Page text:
Robert Louis Stevenson chose Apia as his last home, writes Robyn Yousef.
Under the wide and starry sky,
Dig the grave and let me lie.
Glad did I live and gladly die,
And I laid me down with a will.
This be the verse you grave for me:
Here he lies where he longed to be;
Home is the sailor, home from sea,
And the hunter home from the hill.
It's not often that museums move me to tears, but I wasn't the only tourist pulling out the tissues at Robert Louis Stevenson's Museum in Apia, Samoa. When the guide read the famous Requiem and then sang it in Samoan I noticed even some chunky Ocker males were tearing up.
We were standing in the room Stevenson used as his hospital ward in the beautiful plantation home called Vailima where he spent his last days.
The Scottish-born writer, who ranks among the 26 most translated writers in the world and is famous for works such as Treasure Island Kidnapped and The Strange Case of Dr Jekyll and Mr Hyde, spent the last four-and a-half years of his life on the hilltop property where he died in December 1894 at the age of 44.
I was celebrating a significant birthday in Samoa and, always intrigued by "Tusitala" (the name the Samoans gave Stevenson, meaning teller of tales), I was determined to visit the museum, located directly below Stevenson's Mt Vaea burial site.
In failing health, Stevenson searched for a suitable place of residence for some years before he bought 161ha in Upolu, Samoa, in 1890 to build his home.
A century after his death and burial, the Robert Louis Stevenson Museum/Preservation Foundation dedicated the completely restored building of Vailima and opened it to the public as the Robert Louis Stevenson Museum.
Faithfully recreated by Mike McDaniel, an American interior designer, Vailima, looks very much as it did during the years the author lived there, with a few additional rooms.
Fortunately I arrived just as a very charming and eloquent Samoan guide, Margaret Silva, had begun her tour of the house including the Great Hall, author's library, the smoking room and numerous bedrooms.
Like the legendary Tusitala, Margaret told some wonderful tales. With her colourful commentary it was so easy to imagine R.L.S. lying in that hospital room (the Stevensons called it the Medicine Room) where he was tended by his American wife, Fanny - often using traditional Samoan medicines.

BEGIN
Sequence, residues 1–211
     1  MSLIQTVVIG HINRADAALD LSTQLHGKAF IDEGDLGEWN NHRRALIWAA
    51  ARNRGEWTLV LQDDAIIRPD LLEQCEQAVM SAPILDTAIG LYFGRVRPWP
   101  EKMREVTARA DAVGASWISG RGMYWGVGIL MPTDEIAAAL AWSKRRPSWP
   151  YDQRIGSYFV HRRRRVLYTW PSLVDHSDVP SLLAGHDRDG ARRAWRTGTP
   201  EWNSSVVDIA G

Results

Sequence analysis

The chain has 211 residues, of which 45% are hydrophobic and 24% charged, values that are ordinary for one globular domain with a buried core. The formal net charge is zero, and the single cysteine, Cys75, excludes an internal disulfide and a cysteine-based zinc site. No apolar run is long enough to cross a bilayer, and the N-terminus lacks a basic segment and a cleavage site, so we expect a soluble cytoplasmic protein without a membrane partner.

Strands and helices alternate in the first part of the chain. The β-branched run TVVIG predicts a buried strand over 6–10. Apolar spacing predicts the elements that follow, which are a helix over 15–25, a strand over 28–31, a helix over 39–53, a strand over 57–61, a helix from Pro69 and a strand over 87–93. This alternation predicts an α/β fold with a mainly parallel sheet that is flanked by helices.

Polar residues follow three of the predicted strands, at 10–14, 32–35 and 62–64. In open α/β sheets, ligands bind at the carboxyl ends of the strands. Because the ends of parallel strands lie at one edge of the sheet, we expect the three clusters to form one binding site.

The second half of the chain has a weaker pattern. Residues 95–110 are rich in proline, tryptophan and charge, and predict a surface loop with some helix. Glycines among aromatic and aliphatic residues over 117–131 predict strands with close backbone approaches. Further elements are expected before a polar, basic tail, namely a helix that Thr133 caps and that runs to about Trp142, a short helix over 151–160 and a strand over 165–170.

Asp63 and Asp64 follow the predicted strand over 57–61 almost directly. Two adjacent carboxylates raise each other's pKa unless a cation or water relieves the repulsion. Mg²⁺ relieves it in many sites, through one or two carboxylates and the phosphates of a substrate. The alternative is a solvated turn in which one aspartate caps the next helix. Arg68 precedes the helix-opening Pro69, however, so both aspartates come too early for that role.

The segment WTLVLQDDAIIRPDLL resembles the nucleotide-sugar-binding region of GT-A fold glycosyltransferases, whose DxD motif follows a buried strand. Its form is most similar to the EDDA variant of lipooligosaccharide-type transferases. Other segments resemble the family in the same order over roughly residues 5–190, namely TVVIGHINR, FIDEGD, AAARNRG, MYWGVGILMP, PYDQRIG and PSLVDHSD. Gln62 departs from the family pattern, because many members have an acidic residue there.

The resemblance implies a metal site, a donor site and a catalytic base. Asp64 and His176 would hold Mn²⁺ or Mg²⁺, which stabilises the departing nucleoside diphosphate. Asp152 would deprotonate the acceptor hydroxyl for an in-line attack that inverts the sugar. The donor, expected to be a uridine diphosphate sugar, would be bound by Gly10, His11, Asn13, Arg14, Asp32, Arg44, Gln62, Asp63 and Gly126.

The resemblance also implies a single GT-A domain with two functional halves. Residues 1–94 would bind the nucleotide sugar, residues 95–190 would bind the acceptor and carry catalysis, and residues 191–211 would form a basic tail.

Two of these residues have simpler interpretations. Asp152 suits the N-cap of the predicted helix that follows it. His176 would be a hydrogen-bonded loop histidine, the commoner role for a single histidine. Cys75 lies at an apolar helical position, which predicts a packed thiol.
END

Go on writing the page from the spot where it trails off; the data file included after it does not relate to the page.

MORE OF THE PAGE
Although many of the pieces of furniture on display are not the originals, there are some pieces the family owned - such as a big travelling trunk marked R.L. Stevenson and a chintzy armchair in the writer's mother's room.
There is also a major collection of photographs of the Stevenson family throughout the house, including many of the writer at work and around the property with the local staff.
Pictures of Fanny show her in full Victorian garb with a flowing white gown and buttoned-up boots. Her Samoan name was Aolele - meaning "flying clouds", because of the long white dresses she always wore.
Also on display are some paintings by Stevenson's stepdaughter and secretary, Isobel, who did many drawings for his books. She spoke fluent Samoan and was named Teuila by the locals after the Samoan native flower. Her portraits show her trussed up in velvet gowns - it can't have been easy in the balmy Samoan weather.
The original safe where the writer kept all his manuscripts (it was the first safe in Samoa) is still on show in the Great Hall. Stevenson used to keep the local children away by claiming spirits lurked inside the American-made safe.
He wrote 13 books during his Samoan sojourn, but, apart from his literary successes, you need only a few minutes in the very evocative atmosphere of the museum to know how well loved and respected he was by the locals.
As our guide explained, Stevenson believed in the Samoan way and was very involved in Samoan politics.
He always said he wanted to be buried on Mt Vaea with "his boots on", which was understood to mean to be there with the Samoan people.
He referred to the Samoans as "one of God's sweetest creations".
Margaret pointed out across the beautifully manicured gardens up to his burial site. She described how when the news of his death went out across the islands of Samoa, the locals poured in to clear the Road of the Loving Heart to the site. They worked through the night by the light of kerosene lamps to clear the dense rainforest so he could be buried within 24 hours. They then took turns carrying Tusitala's coffin up the Road of the Loving Heart for his burial.
His tomb is inscribed with his famous Requiem and faces his homeland of Scotland.
His wife Fanny died in California in 1914 and the following year her daughter brought her ashes back to be interred next to Stevenson on Mt Vaea.
It takes about 45 minutes to climb that Road of the Loving Heart, which should be done in the cool of the morning or late afternoon.
It's a road I intend to climb when I next visit Samoa because I'm captivated by the place and the magic of Robert Louis Stevenson.
Getting there: Air New Zealand usually (seasonal changes) flies between Auckland and Apia six times a week. Visitors can take a taxi or one of Samoa's famous buses from the centre of Apia to visit the museum.
Details: The Robert Louis Stevenson Museum is a non-profit organisation. It is open Monday-Friday from 9am-4pm and Saturday from 9am-noon and closed on Sundays.